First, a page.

The Mansion of Our Digital Celebrity

2018. In-progress.

Our Digital Celebrity

Sourced from all our data-desires

So sexy on stage

We’re totally obsessed.

I love Our Digital Celeb!

 

ODC is coming out with a new thing

Like totally different than the last one

I’m going to watch it 1,000,000 times.

 

Our Digital Celebrity was in the airwaves today.

Vibrating our implants and music playing in

10 second blips when i went to the beach

And rubbed my eye.

I try to rub my eye just like ODC would.

ODC knows exactly how

I rub my eye.

 

WE ALL WATCHED ODC AT THE SAME TIME!

IT WAS SO PERFECT.

We love Our Digital Celeb, ODC is our forever.

I talked to so many when I was out watching ODC

And they all loved Celeb like me, and we all agreed

that it’s like Celeb was made ‘just for me’.

 

Did you see ODC’s new palm trees?

They’re so ideal.

 

Our Digital Celebrity just donated 1000 craters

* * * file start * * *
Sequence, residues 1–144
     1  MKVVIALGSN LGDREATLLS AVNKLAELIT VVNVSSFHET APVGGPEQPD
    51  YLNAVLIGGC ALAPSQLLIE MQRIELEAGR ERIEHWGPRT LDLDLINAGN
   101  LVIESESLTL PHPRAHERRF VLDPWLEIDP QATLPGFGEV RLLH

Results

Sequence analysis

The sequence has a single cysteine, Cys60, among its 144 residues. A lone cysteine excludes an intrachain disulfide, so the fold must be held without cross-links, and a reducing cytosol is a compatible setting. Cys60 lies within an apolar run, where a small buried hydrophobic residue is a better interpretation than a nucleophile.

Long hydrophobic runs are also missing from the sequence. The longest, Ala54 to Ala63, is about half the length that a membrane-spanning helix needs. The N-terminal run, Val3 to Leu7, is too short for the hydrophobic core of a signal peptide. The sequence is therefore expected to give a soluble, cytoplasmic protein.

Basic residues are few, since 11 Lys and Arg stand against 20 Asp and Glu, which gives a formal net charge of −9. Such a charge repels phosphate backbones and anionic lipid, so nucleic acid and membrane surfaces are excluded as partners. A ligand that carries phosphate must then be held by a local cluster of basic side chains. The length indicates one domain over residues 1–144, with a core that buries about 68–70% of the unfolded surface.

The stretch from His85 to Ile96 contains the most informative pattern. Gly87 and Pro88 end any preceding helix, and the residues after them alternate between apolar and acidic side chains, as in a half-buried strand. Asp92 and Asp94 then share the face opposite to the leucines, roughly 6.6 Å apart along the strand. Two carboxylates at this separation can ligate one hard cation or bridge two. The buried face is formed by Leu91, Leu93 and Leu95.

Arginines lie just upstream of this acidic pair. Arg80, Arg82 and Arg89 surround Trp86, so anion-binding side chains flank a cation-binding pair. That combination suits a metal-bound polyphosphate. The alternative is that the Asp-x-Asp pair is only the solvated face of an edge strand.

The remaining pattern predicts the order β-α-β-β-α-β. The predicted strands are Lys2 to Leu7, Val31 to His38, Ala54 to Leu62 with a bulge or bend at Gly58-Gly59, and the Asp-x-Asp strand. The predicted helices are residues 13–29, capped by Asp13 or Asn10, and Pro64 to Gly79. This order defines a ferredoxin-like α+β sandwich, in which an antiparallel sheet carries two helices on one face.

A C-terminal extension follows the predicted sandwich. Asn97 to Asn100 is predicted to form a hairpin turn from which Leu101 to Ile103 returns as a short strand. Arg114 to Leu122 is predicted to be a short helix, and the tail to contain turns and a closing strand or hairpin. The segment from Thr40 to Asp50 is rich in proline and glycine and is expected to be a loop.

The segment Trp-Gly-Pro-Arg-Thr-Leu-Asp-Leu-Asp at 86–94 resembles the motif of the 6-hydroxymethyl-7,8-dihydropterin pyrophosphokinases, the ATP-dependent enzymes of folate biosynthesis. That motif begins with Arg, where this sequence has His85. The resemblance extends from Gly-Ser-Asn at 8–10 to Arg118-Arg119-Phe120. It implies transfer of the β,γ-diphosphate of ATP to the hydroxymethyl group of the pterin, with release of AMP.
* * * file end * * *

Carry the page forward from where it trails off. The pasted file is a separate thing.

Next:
To help lunar children deprived of Helium-3

 

ODC just gets better every year.

Our Digital Celebrity never gets any older,

Just more beautiful.

 

 

 

 

OUR DIGITAL CELEBRITY HASN’T POSTED ANYTHING

IN THREE DAYS.

 

I haven’t even felt those 10-second clips reverberate in my brain.

I can’t think.

My eyes are SO sore from refreshing my feed.

WHERE ARE YOU ODC?

 

I tried going to the club last night but it was tragic.

No one could dance, all just crying.

I stayed in the bathroom and rubbed my temples.

But i couldn’t feel ODC.

 

Its. been. 35 days. And 27 minutes. No posts.

No one will tell me where ODC is.